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#276: Coming to Terms with Being Sidelined from Running

Sarah and co-host Dimity dive deeply into Dimity’s long-term injury—and the fact it’s going to keep her from running for the foreseeable future. With her signature candor, Dimity talks about why her quarter-century of running has come to a close—and how she is coming to accept that prognosis for the next six months (or longer). Discover why it’s a relief for the AMR co-founder to deliberately take control of her non-running situation, and how she’s remaining active and strong despite the lack of miles on her feet. Hear the determination in Dimity’s voice when she says she’s not going to stop being an athlete, and learn what athletic adventure she’s scheming with a friend. Dimity talks about the importance of “thinking beyond the daily release” running provides and the need to “widen the lens” to see the long-term landscape. Whether you’re in the same proverbial shoes now or know it’ll come one day (hello, aging!), this is an episode we all need to experience.

In the intro, Sarah elaborates on the smoke-situation in Portland, and Dimity humble-brags (as well she should!!) about her daughter’s volleyball experiences. The meat of the conversation starts at 22:42.

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6 responses to “#276: Coming to Terms with Being Sidelined from Running

  1. I listened to this a week late and I’m sorry I left it so long. Thank you Dimity for your endless courage and dedication to all of us. I hope you will always be able to let your legs carry you through the hard parts of life. You’ve helped me more with those words than I can say.

  2. This is so hard to listen to…I am crying along with you. I am listening as a currently sidelined runner, second time in less than two years. I don’t know what my future as a runner is, but I have identified myself as a runner since fourth grade [I may or may not have taken a few lazy breaks in there, but overarching identity is as a runner]. I am listening to find hope and to find nuggets I can share with others in S.W.I.F.T. who are also sidelined [we are creating meet-ups to address this very subject]. First one is this Sat. I will keep you posted and share anything useful. I feel like I can say I empathize, but I know I can’t. Hahaha, you just said “having runned” — I will use that Saturday in our meet-up! I hope I have some of your level of courage to still be the cheerleader, the inspiration to others, the connector. It’s easier to hole up and hide, that much I can empathize with. Ha, patience….I am just learning that much as I approach 50. Took me long enough. I think the biggest take away is WHAT CAN I DO! I am taking that to the group on Saturday! Thanks!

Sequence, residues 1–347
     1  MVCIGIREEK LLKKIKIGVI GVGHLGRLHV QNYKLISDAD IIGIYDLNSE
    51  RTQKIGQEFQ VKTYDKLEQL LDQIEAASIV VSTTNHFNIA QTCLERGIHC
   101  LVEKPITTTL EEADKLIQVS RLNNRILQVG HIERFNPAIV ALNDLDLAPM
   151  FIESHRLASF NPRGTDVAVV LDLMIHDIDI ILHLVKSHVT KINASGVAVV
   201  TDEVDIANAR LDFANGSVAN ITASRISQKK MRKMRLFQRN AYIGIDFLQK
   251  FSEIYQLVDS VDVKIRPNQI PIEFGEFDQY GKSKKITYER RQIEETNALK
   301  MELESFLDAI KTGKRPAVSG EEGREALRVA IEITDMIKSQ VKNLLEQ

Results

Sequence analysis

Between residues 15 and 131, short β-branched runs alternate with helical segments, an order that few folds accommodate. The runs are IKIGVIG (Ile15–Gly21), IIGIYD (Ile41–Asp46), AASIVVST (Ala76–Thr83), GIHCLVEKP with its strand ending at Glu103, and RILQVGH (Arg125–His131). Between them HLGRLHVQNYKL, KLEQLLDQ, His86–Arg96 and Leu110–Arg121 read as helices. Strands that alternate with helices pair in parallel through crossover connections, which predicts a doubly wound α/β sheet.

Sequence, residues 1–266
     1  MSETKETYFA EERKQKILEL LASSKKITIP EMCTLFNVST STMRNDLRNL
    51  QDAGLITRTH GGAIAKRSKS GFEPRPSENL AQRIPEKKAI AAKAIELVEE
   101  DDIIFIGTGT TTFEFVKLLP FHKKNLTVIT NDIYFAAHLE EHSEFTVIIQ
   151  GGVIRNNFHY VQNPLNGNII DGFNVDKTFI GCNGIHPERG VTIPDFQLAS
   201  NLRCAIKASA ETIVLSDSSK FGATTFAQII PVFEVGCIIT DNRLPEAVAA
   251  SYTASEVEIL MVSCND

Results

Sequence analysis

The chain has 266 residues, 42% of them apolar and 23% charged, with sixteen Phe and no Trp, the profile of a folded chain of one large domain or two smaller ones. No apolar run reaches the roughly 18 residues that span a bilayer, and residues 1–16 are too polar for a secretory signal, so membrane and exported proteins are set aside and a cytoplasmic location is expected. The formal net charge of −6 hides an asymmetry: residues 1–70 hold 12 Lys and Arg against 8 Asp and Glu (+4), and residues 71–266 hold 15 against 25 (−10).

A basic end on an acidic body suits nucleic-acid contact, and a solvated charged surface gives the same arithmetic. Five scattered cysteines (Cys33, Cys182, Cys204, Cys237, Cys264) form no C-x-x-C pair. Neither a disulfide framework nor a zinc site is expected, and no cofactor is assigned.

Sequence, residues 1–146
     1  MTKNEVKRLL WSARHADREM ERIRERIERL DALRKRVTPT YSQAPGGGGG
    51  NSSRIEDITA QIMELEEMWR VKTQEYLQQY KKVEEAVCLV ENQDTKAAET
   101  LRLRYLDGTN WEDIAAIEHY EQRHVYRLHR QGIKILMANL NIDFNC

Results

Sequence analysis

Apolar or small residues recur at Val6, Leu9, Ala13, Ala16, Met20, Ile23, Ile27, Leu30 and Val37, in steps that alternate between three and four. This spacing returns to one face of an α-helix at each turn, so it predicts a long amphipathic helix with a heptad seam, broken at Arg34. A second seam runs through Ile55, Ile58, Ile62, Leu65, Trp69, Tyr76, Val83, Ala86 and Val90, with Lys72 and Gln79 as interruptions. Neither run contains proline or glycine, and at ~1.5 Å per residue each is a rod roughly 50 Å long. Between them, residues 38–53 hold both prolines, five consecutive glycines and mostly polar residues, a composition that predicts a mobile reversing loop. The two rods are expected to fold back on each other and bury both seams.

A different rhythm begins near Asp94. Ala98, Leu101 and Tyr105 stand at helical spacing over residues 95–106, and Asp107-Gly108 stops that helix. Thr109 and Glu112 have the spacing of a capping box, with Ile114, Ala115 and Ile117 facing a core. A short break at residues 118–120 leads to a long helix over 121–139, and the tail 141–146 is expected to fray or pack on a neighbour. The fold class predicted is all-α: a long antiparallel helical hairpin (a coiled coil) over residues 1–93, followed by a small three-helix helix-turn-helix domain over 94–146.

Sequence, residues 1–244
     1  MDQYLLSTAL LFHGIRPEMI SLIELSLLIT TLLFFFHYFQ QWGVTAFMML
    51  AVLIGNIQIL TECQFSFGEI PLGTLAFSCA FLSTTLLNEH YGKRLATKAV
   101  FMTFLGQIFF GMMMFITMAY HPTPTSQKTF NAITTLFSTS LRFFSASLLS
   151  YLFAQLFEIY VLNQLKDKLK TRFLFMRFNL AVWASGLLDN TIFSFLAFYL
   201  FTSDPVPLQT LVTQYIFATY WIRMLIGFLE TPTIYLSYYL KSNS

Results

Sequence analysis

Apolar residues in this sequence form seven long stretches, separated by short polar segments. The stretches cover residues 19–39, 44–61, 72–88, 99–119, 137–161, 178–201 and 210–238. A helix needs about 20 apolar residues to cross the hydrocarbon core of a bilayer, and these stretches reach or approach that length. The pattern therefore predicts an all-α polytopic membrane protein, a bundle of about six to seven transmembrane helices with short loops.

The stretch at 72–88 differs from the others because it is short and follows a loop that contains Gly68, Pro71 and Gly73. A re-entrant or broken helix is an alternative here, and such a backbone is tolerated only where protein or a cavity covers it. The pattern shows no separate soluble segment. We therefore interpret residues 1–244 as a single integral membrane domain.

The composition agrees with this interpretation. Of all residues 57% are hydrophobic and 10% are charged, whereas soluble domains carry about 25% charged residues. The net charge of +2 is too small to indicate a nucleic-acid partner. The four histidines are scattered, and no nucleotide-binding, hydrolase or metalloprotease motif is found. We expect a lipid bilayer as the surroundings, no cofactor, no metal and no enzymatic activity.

3. Dimity, Thank you so much for sharing. Now 49 years old with two teenagers, I have been a runner since middle school. Too many years to count. I was diagnosed with a c6 c7 disc herniation just 4 weeks ago. I have had severe pain, numbness and weakness in my right arm as a result. Driving, sitting, etc. have been miserable. At my doctor’s recommendation, I tried steroids (no luck), then an epidural steroid injection a week and a half ago. As a runner, I have that ‘power through’ mentality, and have been pushing through discomfort the past several days to train with my fourteen-year-old son. We have planned to run a November half marathon together. After listening to your podcast this morning, I am able to step back and take a more honest look at what I am doing to myself… long term. It is so challenging when running is a part of your identity. It is where I go for cheap therapy, self confidence, peace and joy. Thank you so much for sharing your honest feelings… you are truly not alone. My best to you. From another struggling mother runner.

  4. Dear Dimity, Sending much love your way! You know you have a whole tribe of thankful women behind you as you adjust to a different version of your Uber-athletic-self! I can’t tell you how many times you, Sarah, and the AMR community have inspired me to keep moving forward in the challenging last couple years that I have had. I am very grateful and I know you will make the most of whatever paths you take! XO

  5. Dimity — my mother has lived with degenerating discs since her 50’s, and she is 78 now. She’s on the opposite end of the height spectrum from you — 5’2 and shrinking – but I’ve witnessed first hand how the pain can limit a life. Last year she had two major fusion surgeries, and a walk around the block is about as much as she can normally manage in exercise anymore. She took great care of herself all her life, so it just doesn’t seem fair, but genetics plus some hard years lifting as a nurse took their toll. I live in holy fear that the same genes will sideline me some day, but I also know that it would be better to give up running than to risk the physical and psychic toll of that kind of pain for decades.
    Good for you for doing the wise thing and giving your body a break. You only have one spine, and you’ll need it all your life. Be well and know that the rest of us will be dedicating many happy miles to your work!

  6. I am only 5’4, but also had a bulging disc between my L4/L5. I know the pain you talked about on the podcast. Not only could I not exercise, I couldn’t care for my children, do my job as a kindergarten teacher, or even stand to cook. I thought you might like to know that I did have the noninvasive surgery to shave off the bulging disc. It was a very easy outpatient procedure and it completely took away the pain down my leg. I am not a long distance runner, but I am a runner. I have remained pain free for the six years since the surgery. I joined the Stride into the School Year challenge to challenge myself after coming back from a stress fracture. Thanks for the podcast. I am a big fan!

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